.. c l e r i c u s ..

making art technological sources accessible

clericus = Mark Clarke

Dr Mark Clarke is an interdisciplinary researcher into historic artists' materials, especially paint, and in particular mediaeval paint. With a background in conservation and conservation science, he specialises in works of art as physical objects, or 'technical art history'. A particular interest is the materials and techniques of mediaeval European and Islamic manuscripts.

Working with the International Council of Museums (Conservation Committee) he co-founded the international working group on Art Technological Source Research, studying historical technical texts. He has made a particular study of artists' recipe books, and has published a study and extensive catalogue of mediaeval artists' recipe books The Art of All Colours, an edition and translation of the Montpellier Liber diversarum arcium, and an edited corpus of Middle English recipes for painters, stainers, scribes, and illuminators.

He is an invited associate professor of Technical Art History in the Department of Conservation and Restoration, Universidade Nova de Lisboa.

About Mark Clarke

   Research and Expertise
   Contact: mark@clericus.org

Publications by Mark Clarke

   On the analysis of historic paint, on artists' recipe books, and others
   [Published]      [New in 2016]

Artists' Recipe Books

The Montpellier Manuscript     [Publication Details]

    "Liber diversarum arcium", a 14th century painter's manual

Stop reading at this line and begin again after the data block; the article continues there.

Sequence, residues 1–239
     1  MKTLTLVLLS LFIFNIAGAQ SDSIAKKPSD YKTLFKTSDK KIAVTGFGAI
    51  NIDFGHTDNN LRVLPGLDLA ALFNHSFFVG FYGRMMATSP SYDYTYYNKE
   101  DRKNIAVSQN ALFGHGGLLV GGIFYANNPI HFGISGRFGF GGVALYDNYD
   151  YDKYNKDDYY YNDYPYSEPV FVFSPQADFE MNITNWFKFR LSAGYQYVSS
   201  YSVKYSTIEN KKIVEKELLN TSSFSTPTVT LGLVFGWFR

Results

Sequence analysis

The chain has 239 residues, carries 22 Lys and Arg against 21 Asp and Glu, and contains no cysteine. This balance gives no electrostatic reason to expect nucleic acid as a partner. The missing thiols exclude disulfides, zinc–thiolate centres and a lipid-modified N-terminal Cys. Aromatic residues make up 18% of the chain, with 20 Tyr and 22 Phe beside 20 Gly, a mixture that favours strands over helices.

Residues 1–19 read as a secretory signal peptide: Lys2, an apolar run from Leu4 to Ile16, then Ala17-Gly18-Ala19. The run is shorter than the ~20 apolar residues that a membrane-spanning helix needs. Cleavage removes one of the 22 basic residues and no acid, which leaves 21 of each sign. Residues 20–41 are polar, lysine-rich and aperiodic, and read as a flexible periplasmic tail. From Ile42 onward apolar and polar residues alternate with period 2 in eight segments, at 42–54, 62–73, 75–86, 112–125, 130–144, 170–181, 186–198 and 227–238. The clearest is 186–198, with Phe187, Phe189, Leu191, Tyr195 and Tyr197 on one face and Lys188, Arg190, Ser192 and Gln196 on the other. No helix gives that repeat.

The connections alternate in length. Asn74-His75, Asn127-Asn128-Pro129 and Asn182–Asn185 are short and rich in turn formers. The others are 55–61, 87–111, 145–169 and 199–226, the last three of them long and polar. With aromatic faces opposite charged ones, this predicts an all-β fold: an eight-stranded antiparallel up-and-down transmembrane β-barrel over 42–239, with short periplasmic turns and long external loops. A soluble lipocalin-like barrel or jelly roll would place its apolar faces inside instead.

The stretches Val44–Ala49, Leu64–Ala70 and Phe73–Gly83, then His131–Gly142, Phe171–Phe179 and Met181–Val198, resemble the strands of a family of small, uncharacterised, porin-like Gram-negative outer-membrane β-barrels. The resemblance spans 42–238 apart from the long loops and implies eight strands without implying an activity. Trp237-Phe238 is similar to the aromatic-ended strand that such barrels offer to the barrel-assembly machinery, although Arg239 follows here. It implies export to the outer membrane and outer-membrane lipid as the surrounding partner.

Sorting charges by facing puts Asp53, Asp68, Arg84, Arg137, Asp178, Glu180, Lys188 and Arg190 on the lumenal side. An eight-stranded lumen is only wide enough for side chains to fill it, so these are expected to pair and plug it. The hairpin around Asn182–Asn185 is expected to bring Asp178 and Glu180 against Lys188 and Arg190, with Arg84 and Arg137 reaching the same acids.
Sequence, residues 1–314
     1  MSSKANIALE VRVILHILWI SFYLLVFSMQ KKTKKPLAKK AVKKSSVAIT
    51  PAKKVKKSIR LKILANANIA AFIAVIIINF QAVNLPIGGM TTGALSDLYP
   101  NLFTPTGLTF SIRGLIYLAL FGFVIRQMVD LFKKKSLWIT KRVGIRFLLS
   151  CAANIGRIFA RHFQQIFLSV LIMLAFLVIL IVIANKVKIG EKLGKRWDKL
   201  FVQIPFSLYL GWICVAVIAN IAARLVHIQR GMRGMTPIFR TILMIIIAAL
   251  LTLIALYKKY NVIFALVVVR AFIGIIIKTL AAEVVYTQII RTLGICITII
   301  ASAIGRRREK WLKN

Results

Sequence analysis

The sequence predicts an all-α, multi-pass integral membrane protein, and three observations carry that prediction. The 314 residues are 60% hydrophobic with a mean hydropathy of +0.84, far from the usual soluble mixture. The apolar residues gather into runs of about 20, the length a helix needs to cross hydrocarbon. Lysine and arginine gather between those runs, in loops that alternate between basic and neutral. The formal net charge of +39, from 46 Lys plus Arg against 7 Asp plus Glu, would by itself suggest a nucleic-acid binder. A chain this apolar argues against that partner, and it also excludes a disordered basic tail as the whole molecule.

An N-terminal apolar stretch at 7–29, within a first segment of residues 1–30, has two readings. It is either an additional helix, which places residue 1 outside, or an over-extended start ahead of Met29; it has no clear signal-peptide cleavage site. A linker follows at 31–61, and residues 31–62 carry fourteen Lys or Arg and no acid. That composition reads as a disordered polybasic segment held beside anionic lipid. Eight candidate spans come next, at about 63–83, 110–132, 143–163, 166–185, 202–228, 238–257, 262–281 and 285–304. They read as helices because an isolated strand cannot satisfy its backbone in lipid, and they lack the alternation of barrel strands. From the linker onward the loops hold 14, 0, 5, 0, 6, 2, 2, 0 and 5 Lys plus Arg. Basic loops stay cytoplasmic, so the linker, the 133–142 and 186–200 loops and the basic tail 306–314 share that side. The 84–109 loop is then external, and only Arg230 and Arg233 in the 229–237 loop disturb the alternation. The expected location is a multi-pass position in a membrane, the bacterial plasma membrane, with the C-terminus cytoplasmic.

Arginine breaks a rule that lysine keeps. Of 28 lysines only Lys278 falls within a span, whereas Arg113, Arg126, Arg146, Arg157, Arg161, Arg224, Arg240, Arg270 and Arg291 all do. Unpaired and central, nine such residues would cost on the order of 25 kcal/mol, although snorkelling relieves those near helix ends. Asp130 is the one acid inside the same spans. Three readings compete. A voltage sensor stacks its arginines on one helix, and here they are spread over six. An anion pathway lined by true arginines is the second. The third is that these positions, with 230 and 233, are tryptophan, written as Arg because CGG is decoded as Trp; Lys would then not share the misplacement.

New publication 2016

The crafte of lymmyng and The maner of steynyng

   Middle English recipes for painters, stainers, scribes, and illuminators

Universidade Nova de Lisboa

   Invited Associate Professor, Technical Art History, Department of Conservation and Restoration

Max-Planck-Institut für Wissenschaftsgeschichte

   Guest researcher, "The Co-Transmission of Mediaeval Paint Recipes as an Indicator of the Inter-Penetration of Colour Theory, Artists' Practical Knowledge and Domestic Science"

VLAC Fellowship

   Innovative adaptation by the "Flemish Primitives" of pre-existing techniques of oil painting, as revealed by artists' recipe manuscripts c.1350-c.1550

Impact of Oil

   A history of oil painting in the Low Countries and its consequences for the visual arts, 1350-1550

Art Technological Source Research

   International Council of Museums, Conservation Committee, Working Group ATSR

Winsor & Newton Project

   Database of 19th century commercial paint recipes

The "Secretum Philosophorum"

   The English 'Dangerous Book for Boys' of c.1300: the seven liberal arts made mechanical


[mark@clericus.org] [clericus home page]
Last updated 31 January 2017       Mark Clarke       http://www.clericus.org/index.htm